Prevention, recognition and management of neonatal HSV infections.
ABSTRACT Neonatal HSV is most commonly transmitted at the time of delivery with the risk being dramatically higher if the mother has first-episode genital HSV and does not have an elective Cesarean section. Maternal HSV type-specific serology can be used to differentiate first-episode from recurrent infection in this setting, allowing for use of empiric acyclovir for the highest risk infants. There is a need for new strategies as current methods of prevention of transmission of HSV to neonates have limited effectiveness, as they do not account for the fact that the majority of transmission occurs from asymptomatic women. After transmission has occurred, early recognition of neonatal HSV improves the prognosis. Diagnosis needs to be considered in all infants who develop vesicles, unexplained seizures, or possible sepsis in the first 5 weeks of life.
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ABSTRACT: A late preterm neonate born by cesarean section with intact membranes presented at 9 days of life with shock and liver failure. Surface cultures were negative but whole blood polymerase chain reaction was positive for herpes simplex virus type 2, underscoring the value of this test in early diagnosis of perinatally acquired disseminated herpes simplex virus infection without skin lesions.10/2013; 3(2):67-70. DOI:10.1055/s-0033-1338167
01/2013, Degree: PhD, Supervisor: Hans Nauwynck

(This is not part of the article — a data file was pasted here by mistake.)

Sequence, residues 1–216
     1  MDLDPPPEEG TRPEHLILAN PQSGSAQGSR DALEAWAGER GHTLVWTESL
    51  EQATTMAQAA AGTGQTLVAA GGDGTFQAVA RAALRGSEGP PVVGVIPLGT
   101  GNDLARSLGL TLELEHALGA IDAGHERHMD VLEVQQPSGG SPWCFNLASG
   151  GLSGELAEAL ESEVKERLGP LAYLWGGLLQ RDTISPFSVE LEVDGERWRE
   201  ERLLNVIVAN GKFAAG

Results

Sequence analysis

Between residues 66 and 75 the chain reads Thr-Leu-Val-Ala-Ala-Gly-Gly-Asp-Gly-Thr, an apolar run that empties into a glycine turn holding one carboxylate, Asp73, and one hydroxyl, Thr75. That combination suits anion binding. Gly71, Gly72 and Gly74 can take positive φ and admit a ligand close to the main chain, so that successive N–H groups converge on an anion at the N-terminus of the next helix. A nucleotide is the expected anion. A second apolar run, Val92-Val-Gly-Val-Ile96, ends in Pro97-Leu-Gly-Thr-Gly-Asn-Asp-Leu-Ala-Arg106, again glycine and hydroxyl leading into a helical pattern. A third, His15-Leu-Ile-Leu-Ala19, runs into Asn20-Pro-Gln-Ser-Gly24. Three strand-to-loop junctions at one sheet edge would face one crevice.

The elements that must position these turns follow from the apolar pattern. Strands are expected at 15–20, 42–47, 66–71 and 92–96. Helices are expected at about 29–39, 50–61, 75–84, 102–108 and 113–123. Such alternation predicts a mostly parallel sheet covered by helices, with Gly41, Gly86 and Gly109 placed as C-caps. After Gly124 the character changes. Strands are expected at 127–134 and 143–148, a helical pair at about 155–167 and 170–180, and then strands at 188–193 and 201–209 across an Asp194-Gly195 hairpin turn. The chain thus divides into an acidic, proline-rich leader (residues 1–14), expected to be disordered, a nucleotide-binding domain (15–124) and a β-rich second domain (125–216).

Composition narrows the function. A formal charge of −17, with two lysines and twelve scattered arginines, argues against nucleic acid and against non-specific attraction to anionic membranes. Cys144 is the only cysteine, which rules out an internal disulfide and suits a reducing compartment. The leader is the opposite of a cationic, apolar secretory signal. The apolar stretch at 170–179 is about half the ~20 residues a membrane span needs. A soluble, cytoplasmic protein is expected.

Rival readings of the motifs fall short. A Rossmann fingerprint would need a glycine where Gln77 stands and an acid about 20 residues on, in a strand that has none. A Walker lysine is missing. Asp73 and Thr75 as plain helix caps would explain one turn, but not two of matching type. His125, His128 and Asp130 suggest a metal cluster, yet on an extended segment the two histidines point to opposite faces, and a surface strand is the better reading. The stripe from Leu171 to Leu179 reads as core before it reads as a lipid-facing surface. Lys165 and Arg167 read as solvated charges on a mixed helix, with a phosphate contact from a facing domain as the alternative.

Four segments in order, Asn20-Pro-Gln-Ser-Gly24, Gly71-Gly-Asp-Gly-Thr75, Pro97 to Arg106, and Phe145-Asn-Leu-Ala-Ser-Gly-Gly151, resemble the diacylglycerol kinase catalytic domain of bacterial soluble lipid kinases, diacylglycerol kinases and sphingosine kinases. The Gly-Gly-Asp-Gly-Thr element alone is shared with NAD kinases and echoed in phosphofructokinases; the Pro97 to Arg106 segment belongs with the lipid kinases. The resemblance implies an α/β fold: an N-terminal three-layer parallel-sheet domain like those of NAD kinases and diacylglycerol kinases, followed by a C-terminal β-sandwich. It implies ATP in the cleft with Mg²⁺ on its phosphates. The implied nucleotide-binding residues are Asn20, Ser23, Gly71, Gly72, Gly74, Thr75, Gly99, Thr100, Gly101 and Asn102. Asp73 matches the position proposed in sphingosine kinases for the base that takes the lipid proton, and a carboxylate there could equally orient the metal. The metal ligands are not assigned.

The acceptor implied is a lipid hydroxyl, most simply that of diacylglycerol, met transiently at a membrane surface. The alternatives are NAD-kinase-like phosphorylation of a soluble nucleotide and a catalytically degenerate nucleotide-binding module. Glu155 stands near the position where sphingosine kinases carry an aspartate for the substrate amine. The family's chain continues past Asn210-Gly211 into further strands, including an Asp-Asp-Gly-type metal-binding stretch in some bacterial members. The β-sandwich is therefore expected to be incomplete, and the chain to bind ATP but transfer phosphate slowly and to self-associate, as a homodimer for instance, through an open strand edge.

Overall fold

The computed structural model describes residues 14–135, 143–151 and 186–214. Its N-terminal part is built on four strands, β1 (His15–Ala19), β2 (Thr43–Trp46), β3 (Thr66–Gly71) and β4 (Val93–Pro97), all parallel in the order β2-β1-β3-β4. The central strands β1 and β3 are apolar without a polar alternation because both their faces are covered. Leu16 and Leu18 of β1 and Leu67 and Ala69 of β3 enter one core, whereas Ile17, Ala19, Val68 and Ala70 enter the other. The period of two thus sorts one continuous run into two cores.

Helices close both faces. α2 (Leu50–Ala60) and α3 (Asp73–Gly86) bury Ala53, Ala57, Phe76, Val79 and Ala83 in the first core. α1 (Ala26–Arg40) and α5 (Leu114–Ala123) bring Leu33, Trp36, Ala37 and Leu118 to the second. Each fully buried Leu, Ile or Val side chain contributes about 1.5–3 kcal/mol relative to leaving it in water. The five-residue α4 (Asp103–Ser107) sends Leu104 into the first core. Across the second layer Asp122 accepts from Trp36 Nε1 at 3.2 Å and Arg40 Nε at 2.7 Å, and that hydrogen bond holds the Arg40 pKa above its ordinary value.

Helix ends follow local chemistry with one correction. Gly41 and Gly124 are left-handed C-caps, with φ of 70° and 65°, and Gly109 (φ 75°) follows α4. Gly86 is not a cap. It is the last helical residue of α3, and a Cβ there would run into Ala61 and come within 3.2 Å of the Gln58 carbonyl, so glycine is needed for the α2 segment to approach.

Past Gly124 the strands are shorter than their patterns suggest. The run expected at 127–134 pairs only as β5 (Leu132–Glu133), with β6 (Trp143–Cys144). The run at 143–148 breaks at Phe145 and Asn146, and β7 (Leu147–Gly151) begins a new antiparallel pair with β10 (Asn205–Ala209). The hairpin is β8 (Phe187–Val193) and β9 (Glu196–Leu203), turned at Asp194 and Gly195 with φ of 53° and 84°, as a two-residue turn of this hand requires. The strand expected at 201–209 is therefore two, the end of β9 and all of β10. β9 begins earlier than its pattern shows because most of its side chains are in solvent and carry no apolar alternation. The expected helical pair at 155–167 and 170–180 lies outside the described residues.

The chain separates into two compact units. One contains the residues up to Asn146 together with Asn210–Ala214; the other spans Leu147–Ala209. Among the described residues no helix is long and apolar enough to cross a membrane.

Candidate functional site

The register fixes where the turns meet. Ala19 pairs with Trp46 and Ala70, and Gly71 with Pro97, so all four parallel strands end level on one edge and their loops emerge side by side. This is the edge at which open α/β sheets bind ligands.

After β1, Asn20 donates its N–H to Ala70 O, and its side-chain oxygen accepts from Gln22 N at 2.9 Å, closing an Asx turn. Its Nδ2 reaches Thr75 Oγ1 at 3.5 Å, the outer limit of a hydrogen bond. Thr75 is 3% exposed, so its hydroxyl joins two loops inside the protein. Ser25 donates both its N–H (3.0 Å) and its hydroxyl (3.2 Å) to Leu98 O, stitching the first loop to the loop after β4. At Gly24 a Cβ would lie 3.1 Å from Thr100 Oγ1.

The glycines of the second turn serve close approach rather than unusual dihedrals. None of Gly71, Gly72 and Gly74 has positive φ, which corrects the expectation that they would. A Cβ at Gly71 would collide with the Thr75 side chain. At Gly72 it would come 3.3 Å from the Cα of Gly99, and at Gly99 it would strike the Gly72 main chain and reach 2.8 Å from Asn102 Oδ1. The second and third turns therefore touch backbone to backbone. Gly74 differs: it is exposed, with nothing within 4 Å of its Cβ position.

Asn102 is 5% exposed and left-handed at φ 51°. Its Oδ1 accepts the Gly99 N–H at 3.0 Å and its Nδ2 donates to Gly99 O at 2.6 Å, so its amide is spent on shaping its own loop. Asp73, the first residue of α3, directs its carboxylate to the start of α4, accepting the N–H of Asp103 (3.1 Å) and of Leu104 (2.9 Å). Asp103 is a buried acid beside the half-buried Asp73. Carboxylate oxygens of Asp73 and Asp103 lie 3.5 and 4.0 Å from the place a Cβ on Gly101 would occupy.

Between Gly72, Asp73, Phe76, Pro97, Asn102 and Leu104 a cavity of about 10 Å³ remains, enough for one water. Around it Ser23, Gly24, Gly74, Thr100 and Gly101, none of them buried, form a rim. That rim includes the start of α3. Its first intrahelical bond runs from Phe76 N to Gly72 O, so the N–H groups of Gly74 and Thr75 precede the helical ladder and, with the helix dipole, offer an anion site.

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ABSTRACT: Herpes simplex virus type 1 (HSV-1), a member of the herpesviridae, causes a variety of human viral diseases globally. Although a series of antiviral drugs are available for the treatment of infection and suppression of dissemination, HSV-1 remains highly prevalent worldwide. Therefore, the development of novel antiviral agents with different mechanisms of action is a matter of extreme urgency. During the proliferation of HSV-1, capsid assembly is essential for viral growth, and it is highly conserved in all HSV-1 strains. In this study, small interfering RNAs (siRNAs) against the HSV-1 capsid protein were screened to explore the influence of silencing capsid expression on the replication of HSV-1. We designed and chemically synthesized siRNAs for the capsid gene and assessed their inhibitory effects on the expression of target mRNA and the total intracellular viral genome loads by quantitative real-time PCR, as well as on the replication of HSV-1 via plaque reduction assays and electron microscopy. Our results showed that siRNA was an effective approach to inhibit the expression of capsid protein encoding genes including UL18, UL19, UL26, UL26.5, UL35 and UL38 in vitro. Interference of capsid proteins VP23 (UL18) and VP5 (UL19) individually or jointly greatly affected the replication of clinically isolated acyclovir-resistant HSV-1 as well as HSV-1/F and HSV-2/333. Plaque numbers and intracellular virions were significantly reduced by simultaneous knockdown of UL18 and UL19. The total intracellular viral genome loads were also significantly decreased in the UL18 and UL19 knockdown groups compared with the viral control. In conclusion, interfering with UL18 and UL19 gene expression could inhibit HSV-1 replication efficiently in vitro. Our research offers new targets for an RNA interference-based therapeutic strategy against HSV-1.PLoS ONE 05/2014; 9(5):e96623. DOI:10.1371/journal.pone.0096623 · 3.53 Impact Factor